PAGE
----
Help Tell the Story

What is your story? When did you first hear about NSM? What inspired you to join? What questions should we be asking to enrich our understanding of the history of the Movement?

Saturday, November 27, 2010

The Role of White Activists in Movements for Racial Equality

"To many, the idea of white activists taking leadership and doing anti-racist organizing in white communities is a theoretical notion. However, the work of People Against Racism and People for Human Rights provides concrete examples of white anti-racist organizing."

In this paper, "The Role of White Activists in Movements for Racial Equality", written in 2008, Ted Cullinane discusses People Against Racism (PAR), in Detroit, and People for Human Rights (PHR), in Philadelphia, both offshoots of NSM.

Link to Ted Cullinane paper

Wednesday, October 20, 2010

The Story of Freedom North

[T]he more I have thought about our past, the more excited I have become over its significance because... Before the Panthers, there was NSM. Before SNCC´s Atlanta project and before Stokely´s media-generated hysteria over "Black Power," there was NSM. Before all of these more recognized historical events, NSM had already initiated a race-conscious strategy to confront american racism.In fact Detroit NSM had formed probably the first
really constructive white organization to combat the monster: PAR,People Against Racism.

What I´ve come to realize is that the NSM story is not just our story. Rather it´s the story of urban organizing in the North...It´s the history of Bayard´s school boycott and the struggle against the racist NY teachers union under Al Shanker and the resultant community strugggle of Ocean Hill-Brownsville.It´s Julius Hobson in DC; the NAACP radical [Cecil Moore) in Philadelphia; and … Stanley Branche in Chester,Pa.  It´s the story of Jesse Gray´s rent strikes, Adam Clayton Powell´s first Black Power conference and of Malcolm´s last years.

Thus NSM is a window on this larger, neglected story of black struggle, the story of Freedom North,the other civil rights movement.It´s the missing chapter of the national struggle without which the history is not whole.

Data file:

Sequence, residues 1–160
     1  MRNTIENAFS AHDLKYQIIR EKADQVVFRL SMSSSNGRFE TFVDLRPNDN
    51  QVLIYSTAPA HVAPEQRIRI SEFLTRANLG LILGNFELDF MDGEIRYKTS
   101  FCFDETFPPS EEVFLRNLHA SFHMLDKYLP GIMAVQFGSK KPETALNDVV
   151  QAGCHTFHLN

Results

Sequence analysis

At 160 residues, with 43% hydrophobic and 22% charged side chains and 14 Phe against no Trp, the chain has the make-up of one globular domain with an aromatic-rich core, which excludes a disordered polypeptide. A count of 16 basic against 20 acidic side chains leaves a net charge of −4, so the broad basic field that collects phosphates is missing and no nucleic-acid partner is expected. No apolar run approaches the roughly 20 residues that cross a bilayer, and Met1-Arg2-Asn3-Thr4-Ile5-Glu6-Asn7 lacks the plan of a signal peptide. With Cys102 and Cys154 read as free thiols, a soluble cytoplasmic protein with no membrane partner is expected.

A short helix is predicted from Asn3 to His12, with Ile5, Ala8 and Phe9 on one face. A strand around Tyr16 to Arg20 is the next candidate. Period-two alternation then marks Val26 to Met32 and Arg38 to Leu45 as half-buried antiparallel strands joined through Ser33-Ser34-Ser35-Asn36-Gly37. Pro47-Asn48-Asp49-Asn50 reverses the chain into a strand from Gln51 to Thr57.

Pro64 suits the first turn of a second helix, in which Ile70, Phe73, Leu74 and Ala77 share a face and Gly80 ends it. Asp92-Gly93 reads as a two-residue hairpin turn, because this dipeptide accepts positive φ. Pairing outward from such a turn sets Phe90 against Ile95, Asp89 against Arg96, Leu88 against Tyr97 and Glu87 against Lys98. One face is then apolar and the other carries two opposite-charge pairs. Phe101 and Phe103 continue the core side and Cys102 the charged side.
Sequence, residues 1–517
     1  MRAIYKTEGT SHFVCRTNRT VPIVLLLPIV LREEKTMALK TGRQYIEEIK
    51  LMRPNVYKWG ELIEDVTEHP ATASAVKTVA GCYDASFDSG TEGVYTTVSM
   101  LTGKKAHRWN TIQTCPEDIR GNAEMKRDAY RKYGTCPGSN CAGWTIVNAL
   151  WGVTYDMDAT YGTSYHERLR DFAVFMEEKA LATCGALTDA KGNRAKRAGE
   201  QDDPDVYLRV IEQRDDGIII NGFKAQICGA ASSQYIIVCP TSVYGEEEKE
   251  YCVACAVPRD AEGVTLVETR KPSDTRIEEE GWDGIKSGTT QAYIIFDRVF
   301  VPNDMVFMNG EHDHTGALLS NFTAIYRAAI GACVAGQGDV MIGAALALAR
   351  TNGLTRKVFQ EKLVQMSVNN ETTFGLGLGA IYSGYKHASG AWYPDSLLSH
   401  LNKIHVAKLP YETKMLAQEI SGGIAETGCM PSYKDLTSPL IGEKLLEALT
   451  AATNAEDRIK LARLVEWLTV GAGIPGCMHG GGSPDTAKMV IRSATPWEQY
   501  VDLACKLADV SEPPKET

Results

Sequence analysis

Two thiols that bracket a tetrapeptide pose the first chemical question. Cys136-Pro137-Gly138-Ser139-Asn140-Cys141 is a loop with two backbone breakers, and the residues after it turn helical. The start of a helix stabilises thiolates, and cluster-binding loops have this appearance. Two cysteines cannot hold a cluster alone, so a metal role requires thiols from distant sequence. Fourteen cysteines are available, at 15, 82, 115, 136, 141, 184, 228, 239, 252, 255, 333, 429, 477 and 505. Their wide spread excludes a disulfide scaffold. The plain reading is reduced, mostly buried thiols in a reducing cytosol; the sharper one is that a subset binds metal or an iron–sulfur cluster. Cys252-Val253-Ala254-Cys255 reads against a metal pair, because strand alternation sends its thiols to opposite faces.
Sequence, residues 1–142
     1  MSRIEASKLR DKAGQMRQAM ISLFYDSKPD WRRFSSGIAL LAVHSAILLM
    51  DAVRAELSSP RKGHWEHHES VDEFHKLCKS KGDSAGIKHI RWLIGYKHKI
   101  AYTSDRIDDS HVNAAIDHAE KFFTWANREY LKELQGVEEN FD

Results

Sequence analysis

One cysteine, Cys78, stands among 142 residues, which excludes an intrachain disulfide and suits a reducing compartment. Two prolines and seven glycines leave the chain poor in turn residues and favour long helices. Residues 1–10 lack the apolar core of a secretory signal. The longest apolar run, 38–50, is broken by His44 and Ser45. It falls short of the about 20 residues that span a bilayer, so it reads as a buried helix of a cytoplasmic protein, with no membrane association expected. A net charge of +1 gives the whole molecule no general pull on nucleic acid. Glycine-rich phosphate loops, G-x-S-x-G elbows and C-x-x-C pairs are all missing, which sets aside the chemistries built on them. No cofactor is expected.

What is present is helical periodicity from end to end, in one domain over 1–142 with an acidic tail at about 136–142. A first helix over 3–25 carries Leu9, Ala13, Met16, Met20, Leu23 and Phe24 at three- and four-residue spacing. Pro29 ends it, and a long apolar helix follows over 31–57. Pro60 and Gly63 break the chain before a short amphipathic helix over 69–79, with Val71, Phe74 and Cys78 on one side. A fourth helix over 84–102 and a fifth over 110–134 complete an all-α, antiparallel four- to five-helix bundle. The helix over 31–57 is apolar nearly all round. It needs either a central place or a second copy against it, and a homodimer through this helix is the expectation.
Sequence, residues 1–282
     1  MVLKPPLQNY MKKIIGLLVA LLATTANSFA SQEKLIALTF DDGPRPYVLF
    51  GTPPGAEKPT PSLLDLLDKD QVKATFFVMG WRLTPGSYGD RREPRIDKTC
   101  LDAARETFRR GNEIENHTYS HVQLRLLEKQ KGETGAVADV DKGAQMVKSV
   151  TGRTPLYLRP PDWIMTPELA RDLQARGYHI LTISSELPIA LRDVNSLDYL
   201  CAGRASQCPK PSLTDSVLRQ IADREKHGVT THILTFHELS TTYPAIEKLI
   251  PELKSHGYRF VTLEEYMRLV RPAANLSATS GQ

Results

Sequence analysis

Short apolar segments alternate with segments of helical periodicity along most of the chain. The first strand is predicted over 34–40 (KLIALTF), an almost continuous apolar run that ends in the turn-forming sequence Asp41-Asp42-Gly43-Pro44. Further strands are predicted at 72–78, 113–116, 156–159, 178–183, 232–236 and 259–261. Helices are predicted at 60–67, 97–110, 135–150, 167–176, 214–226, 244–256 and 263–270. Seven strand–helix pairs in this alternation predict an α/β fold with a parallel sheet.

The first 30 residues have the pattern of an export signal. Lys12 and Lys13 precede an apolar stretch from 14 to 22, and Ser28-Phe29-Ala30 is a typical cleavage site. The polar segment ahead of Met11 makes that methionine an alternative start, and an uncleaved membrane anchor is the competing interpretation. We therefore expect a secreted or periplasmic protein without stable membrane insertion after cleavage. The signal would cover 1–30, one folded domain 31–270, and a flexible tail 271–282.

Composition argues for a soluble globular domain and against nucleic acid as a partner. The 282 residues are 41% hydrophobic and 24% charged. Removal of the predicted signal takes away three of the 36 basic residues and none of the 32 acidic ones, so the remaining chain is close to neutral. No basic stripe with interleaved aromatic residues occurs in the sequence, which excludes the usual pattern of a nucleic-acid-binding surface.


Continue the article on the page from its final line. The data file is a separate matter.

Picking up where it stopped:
William Strickland
Executive Director, NSM

Tuesday, October 19, 2010

Monday, October 18, 2010

Abstract: from ASALH conference, Raleigh, September 2010

Freedom North: The Northern Student Movement
The Northern Student Movement (NSM) emerged out of the wave of southern sit-ins during the early 1960s. It supported civil rights efforts in the South as well as developed programs to address northern racial injustice.  Early on, the NSM mobilized student support for the southern struggle. It raised money for the Southern Voter Registration Program of the Student Nonviolent Coordinating Committee (SNCC) as well as organized book donations to Southern colleges.  Peter Countryman, a Yale undergraduate, who had been the first executive director of the NSM, with headquarters originally in New Haven, Connecticut, stepped down in 1966. The NSM headquarters shifted from New Haven to New York City and William Strickland, a longtime activist replaced Countryman as executive director. With NSM veterans Bill Strickland as well as two other participants which represent the arc of the life of the NSM, Joan Countryman, the widow of Peter Countryman, and finally Frank Joyce, head of the Detroit chapter of NSM, which evolved into People Against Racism (PAR), one of the most significant white antiracist groups in the country.  The panel will talk about how NSM came into being as the Northern model for SNCC among other things and how some of its activities to work with SNCC, specifically its collaboration with the Mississippi Freedom Democratic Party's (MFDP), when NSM arranged a meeting between Malcolm X and Mrs. Fannie Lou Hamer when she came to Harlem. 

Here's a link to more information:

Monday, October 11, 2010

An Invitation

We invite you to join us in recording, remembering, and reflecting on the experience of those who joined the Northern Student Movement in the 1960s. The history of NSM is yet to be written. As with the Southern Movement, the stories can best be told by those who experienced them. What is your story? When did you join NSM? What projects did you work on, and where? What inspired you to take on the challenges of race, class, and justice in the North? What impact has NSM had  on your life and work since the 1960s? What do you want to see about NSM in the history books of the future?

We are taking a cue from the web site of the Veterans of the Southern Freedom Movement from 1951 - 1968,

"The mass media called it the "Civil Rights Movement," but many of us who were involved in it prefer the term "Freedom Movement" because it was about so much more than just civil rights.
Today, from what you see in the mass media and read in textbooks and websites, you would think that the Freedom Movement only existed in a few states of the deep South, — but that is not so. The Freedom Movement lived and fought in every state and every city of America, North, South, East, and West. There were some differences between the Southern and Northern wings of the Movement, but those differences were minor compared to the Movement's essence. North or South, it was the same movement everywhere.
This website is devoted to the "Southern Freedom Movement," the Freedom Movement as it existed in the South. Not because the Northern wing of the Movement was unimportant — it was enormously important, — but because the Southern Movement was the part of the Movement that we participated in and know enough about to build this website. Hopefully, some day soon activists from the Northern wing of the Movement will do the same."